Posted on July 5, 2016 · Posted in Brain Injury
mild traumatic brain injury eye test

Screening for mild traumatic brain injury can be as simple as a ten-minute eye exam. (Flickr / Creative Commons / Emi Jane)

U.S. Army investigators reported that a simple eye test can screen for mild traumatic brain injury. Study results were presented at the American Optometric Association’s Optometry’s Meeting. Mild traumatic brain injury accounted for more than two-thirds of traumatic brain injury cases in the last fifteen years, according to the U.S. Department of Defense.

Many mild cases go undiagnosed as oftentimes people focus on severe and moderate brain injury. This kind of test could aid medical professionals in diagnosis of mTBI. Approximately 30 areas of the brain and seven of the 12 cranial nerves deal with vision, so it’s no surprise that a patient with a TBI would have visual problems. These problems might include papillary deficit, visual processing delays, and impaired oculomotor tracking and related oculomotor-based reading dysfunctions.

Researchers looked for potential biomarkers that could signal a mild traumatic brain injury. They decided to look for binocular eye movements (versions) and disconjugate movements (vergences). The test is only ten minutes long, consisting of three eye measurements and one visual symptoms questionnaire.

The study focused on 87 men and 21 women who experienced a mild traumatic brain injury or concussion in the last 72 hours. The subjects were active-duty military personnel. The control group was age-matched with people who had no history of head trauma.

The researchers measured papillary light reflex to a stimulus with monocular infrared pupillometry. This reflex controls the diameter of the pupil in response to light. They also measured near point convergence and saccadic eye movement function.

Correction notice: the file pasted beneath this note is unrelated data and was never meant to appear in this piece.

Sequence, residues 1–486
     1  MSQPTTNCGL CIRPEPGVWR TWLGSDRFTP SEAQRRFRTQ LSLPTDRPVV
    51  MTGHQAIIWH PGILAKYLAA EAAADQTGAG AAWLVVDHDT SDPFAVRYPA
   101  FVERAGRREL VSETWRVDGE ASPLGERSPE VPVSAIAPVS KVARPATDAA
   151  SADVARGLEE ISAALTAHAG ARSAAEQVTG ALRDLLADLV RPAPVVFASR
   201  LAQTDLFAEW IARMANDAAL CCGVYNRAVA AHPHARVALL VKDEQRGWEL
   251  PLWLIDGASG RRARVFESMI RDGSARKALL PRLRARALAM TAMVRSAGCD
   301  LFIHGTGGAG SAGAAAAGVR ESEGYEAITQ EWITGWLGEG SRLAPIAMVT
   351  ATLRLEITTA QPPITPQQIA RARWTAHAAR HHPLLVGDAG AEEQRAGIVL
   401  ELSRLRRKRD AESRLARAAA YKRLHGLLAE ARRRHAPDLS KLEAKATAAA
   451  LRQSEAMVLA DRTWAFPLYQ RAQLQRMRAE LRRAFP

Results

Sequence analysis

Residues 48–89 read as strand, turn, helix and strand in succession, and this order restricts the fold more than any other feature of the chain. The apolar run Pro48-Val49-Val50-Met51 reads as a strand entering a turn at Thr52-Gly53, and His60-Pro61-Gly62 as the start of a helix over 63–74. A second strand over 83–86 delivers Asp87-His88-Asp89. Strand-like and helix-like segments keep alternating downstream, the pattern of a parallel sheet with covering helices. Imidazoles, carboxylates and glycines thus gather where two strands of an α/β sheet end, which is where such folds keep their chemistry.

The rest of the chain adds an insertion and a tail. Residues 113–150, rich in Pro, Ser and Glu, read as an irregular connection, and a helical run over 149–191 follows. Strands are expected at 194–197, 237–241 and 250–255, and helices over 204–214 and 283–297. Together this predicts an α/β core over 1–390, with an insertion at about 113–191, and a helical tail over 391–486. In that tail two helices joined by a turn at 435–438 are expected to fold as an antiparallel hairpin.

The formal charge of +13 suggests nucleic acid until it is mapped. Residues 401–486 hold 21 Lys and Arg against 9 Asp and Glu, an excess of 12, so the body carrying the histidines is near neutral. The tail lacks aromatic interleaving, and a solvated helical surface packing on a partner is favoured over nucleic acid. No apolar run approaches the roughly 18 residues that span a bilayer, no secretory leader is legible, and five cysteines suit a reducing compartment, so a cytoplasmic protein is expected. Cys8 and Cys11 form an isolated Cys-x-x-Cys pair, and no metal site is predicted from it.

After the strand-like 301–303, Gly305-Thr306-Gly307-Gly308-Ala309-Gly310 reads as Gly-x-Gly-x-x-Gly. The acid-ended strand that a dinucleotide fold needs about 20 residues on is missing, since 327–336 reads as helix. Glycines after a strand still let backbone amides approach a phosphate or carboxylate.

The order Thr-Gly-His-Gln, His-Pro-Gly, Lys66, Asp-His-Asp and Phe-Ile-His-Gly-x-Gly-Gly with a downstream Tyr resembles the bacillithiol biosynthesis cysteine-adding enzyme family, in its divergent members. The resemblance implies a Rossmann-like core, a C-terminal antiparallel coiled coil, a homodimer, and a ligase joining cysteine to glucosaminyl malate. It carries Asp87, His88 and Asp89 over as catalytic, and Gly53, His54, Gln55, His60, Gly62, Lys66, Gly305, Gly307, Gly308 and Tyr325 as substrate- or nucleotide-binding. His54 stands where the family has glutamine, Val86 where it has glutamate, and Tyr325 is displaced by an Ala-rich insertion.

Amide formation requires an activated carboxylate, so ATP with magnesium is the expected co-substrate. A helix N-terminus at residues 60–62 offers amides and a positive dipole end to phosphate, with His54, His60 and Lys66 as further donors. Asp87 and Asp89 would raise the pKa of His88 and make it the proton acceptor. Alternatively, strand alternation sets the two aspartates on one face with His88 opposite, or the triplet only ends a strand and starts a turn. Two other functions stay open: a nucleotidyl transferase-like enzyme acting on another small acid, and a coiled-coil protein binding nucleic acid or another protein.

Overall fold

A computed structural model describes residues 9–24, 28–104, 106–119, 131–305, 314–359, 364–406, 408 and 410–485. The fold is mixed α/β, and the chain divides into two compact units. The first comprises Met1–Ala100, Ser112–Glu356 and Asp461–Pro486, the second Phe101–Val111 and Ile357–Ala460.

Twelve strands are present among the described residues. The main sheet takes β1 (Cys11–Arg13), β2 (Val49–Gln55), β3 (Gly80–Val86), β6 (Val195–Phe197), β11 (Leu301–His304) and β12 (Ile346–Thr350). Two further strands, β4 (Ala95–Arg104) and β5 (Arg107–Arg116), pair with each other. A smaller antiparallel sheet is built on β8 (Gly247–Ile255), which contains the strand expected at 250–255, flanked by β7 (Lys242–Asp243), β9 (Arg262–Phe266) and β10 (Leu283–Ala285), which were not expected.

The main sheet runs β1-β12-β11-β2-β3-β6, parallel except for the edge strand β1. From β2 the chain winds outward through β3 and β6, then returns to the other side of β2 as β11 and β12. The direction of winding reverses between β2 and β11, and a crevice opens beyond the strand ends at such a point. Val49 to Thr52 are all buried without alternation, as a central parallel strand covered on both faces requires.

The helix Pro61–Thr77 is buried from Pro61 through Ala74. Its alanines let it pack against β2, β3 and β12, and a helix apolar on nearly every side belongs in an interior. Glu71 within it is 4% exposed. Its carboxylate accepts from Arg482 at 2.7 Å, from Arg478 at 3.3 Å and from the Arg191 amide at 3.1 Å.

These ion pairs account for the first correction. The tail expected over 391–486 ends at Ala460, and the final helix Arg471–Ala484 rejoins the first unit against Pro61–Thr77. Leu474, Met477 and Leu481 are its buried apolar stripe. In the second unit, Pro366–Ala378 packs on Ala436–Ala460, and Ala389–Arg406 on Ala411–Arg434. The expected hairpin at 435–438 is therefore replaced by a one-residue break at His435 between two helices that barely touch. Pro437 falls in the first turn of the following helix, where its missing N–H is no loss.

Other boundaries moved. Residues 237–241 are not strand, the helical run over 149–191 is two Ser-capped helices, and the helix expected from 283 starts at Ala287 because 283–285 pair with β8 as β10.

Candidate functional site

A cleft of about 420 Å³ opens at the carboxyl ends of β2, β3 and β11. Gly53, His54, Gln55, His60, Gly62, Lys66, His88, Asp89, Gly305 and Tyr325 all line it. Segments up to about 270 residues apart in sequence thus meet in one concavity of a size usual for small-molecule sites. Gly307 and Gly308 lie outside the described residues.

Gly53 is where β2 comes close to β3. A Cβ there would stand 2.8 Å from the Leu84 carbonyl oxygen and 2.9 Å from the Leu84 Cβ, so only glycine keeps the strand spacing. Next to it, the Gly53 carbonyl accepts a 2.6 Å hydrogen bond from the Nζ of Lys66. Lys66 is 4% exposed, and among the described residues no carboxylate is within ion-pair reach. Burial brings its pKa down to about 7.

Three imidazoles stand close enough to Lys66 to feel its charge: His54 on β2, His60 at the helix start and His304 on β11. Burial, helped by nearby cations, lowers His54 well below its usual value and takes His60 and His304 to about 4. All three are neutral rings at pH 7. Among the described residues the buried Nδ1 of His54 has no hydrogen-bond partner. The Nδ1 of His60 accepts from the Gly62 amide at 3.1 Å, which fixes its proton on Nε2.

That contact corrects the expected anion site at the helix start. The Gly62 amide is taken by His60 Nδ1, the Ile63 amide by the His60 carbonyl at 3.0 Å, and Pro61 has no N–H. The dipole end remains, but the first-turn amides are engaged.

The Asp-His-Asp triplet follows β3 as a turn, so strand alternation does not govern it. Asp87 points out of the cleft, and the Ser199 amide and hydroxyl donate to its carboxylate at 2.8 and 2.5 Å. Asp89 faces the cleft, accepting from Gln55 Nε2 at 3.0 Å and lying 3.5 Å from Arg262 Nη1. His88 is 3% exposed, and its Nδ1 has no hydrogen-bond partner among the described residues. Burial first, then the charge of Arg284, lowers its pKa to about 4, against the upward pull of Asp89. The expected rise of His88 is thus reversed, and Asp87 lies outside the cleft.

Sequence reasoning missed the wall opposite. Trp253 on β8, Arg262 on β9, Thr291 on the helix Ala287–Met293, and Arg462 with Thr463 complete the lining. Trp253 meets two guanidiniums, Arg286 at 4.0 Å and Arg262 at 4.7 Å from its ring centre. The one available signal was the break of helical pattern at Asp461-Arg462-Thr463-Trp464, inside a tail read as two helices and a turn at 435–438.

Average constriction velocity, average dilation velocity, and 75% dilation recovery time were significantly different between those with mTBI and the control group. Significantly higher near-point convergence scores were also reported in the mTBI group. The mTBI group took longer to complete the test for saccadic eye movement function. They also scored higher on the Convergence Insufficiency Symptom Survey.

This kind of test is relatively easily taught and inexpensive and will provide a simple test to detect mild traumatic brain injury. This could hopefully help with all of the mTBIs that go undiagnosed. It would hopefully allow for more people who suffer from mild traumatic brain injury to get into treatment immediately. Just because an injury is labelled mild does not mean that there are not adverse symptoms that lay ahead in the future. This test could hopefully aid in the process of getting these people treatment and preventing complications after the fact. For a deeper analysis of this eye test, click here.

About the Author

Attorney Gordon S. Johnson, Jr.
Past Chair Traumatic Brain Injury Litigation Group, American Association of Justice :: 800-992-9447